Q. Dear Zenagos,
I just got a term sheet from a potential investor. They are real sharks, and I’m afraid I’m going to give away too much. How do you negotiate with big-time people?
You negotiate with big-time people the same way that you negotiate with all other people – carefully. It is important to prepare prior to any important deal meeting. Here are some things to consider:
Bring an Attorney
You may think you can’t afford an attorney. (They do charge a lot!) However, you really can’t afford not to have an attorney. You need someone on your side of the table who knows the risks involved in taking money from investors and will protect your interests. Even if the investors don’t have their attorney at the table, you can bet that they have every transaction reviewed carefully by their legal counsel.
Decide Whether to Accept the Terms as Offered
When you receive a term sheet from a potential investor, one of your options is to sign it and accept the terms. You need to be aware that if you start negotiating, you are telling the investor that you do not accept the terms as offered. Once you start negotiating, the investor can choose to ignore the term sheet and abandon the deal. It is important to know that if you don’t accept the terms as offered, you are risking losing the deal entirely. So, don’t bluff – if you want the deal, and the term sheet is close to what you want, take it – don’t negotiate just for the sport of it. If you are willing to walk away from the deal unless the terms change, then you are ready to negotiate.
Know Your Bottom Line
Before you enter the negotiation, it is important to review your financials and understand the investor’s perspective on the opportunity. Investors typically expect a healthy return in exchange for the risks they take (such as 20-30% per year, compounded), so you need to take that into account when you decide what terms you are willing to accept.
If you don’t know how to make a financial forecast, then you need to hire a business advisor who does. Many entrepreneurs have an unrealistically high number in mind because they do not understand how investors value a business. In many cases, you need to accept less for your first business, so you can build up your financial reserves and own more of your subsequent businesses.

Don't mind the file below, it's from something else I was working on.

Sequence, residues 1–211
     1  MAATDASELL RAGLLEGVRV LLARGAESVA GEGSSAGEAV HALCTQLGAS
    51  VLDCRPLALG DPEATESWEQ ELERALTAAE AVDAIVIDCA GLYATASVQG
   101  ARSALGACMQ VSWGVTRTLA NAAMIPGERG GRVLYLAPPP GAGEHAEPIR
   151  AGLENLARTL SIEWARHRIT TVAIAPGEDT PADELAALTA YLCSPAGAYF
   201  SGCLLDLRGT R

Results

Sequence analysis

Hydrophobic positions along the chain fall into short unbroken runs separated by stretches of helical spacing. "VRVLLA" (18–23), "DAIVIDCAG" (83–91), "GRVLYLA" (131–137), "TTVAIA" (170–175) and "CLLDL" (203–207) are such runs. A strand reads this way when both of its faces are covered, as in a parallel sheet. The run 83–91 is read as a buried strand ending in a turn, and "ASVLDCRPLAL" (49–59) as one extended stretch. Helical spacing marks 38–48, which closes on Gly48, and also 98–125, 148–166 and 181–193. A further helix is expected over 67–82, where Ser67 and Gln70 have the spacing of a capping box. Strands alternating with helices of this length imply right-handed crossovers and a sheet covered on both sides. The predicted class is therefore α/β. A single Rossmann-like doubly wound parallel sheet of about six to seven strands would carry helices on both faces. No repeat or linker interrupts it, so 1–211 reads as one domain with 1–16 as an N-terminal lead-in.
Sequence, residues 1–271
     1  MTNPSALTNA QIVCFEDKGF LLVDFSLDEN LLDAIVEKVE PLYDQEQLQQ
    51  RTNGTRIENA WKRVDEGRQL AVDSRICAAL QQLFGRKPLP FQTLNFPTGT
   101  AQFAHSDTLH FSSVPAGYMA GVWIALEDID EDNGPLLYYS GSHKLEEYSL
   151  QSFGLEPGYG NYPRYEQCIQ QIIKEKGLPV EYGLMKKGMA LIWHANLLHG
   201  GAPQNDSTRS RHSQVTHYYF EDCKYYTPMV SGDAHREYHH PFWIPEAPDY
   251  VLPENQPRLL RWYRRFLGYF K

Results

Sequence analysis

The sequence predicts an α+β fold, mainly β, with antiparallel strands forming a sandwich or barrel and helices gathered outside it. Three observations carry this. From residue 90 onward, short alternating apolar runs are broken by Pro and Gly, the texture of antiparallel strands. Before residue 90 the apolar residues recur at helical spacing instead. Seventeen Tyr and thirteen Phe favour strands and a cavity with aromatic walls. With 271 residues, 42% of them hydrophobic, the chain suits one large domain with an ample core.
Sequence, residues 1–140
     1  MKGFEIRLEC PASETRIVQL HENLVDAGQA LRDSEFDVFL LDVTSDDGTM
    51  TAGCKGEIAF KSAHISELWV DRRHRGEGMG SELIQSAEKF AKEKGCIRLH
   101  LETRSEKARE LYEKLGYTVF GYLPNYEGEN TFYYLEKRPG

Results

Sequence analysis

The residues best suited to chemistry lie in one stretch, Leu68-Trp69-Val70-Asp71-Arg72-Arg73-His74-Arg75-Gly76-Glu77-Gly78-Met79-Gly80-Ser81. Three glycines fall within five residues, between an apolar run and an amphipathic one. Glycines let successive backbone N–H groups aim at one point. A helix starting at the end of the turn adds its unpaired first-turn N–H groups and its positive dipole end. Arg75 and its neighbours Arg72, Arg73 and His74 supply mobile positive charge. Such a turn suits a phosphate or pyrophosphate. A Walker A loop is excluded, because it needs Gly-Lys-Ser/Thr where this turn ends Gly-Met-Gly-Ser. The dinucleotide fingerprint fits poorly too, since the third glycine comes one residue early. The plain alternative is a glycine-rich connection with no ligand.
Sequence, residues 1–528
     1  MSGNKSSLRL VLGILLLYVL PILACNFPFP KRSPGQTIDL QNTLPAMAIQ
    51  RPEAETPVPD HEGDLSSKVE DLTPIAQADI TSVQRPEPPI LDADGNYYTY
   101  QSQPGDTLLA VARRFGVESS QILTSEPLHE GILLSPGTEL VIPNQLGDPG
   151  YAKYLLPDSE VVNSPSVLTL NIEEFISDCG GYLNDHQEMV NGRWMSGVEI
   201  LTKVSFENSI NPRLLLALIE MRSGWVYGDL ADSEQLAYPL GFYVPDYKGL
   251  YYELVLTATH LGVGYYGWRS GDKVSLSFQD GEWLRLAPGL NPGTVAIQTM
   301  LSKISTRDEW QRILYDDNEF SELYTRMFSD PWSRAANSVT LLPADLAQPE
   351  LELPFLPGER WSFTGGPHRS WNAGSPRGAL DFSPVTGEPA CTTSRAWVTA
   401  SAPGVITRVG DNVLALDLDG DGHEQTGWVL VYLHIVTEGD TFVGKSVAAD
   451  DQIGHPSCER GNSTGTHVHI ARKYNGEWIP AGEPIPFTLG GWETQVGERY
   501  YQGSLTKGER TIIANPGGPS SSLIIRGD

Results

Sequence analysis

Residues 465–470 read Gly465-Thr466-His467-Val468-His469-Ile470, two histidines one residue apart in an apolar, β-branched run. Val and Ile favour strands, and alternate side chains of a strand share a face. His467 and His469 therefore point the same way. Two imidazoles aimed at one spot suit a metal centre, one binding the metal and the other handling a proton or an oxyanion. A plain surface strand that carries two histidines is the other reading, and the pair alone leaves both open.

Once you know the absolute limit of what you will accept, then work out your opening position. In the initial jockeying of a negotiation, it is common for each party to try to get the other to set the opening terms for the negotiation. In case you decide to make that opening, it is important to know where you will start the negotiation. For example, if your bottom line is that you will accept no less than $50,000 for 20% of the company, then your opening position might be $50,000 for 10% of the company. Make sure you have clear arguments for why you have taken each position.
Believe Your Bottom Line
As the other party in the negotiation tries to figure out how low you will go, they will look for all kinds of involuntary signs or “tells” about what you really believe. Once you have set your bottom line, you must believe with all of your heart and soul that it is in fact the lowest that you will go. If you waver, then that gives the other party leverage in the negotiation. If they believe that they can push you lower, they will not stop trying.
No matter how the negotiation goes, you should be proud of your progress. If a “big-time” investor has given you a term sheet, then you have just received a strong endorsement of your idea. Even if this deal doesn’t work out, you will learn a lot from the negotiation, and you will be better prepared for the next opportunity.
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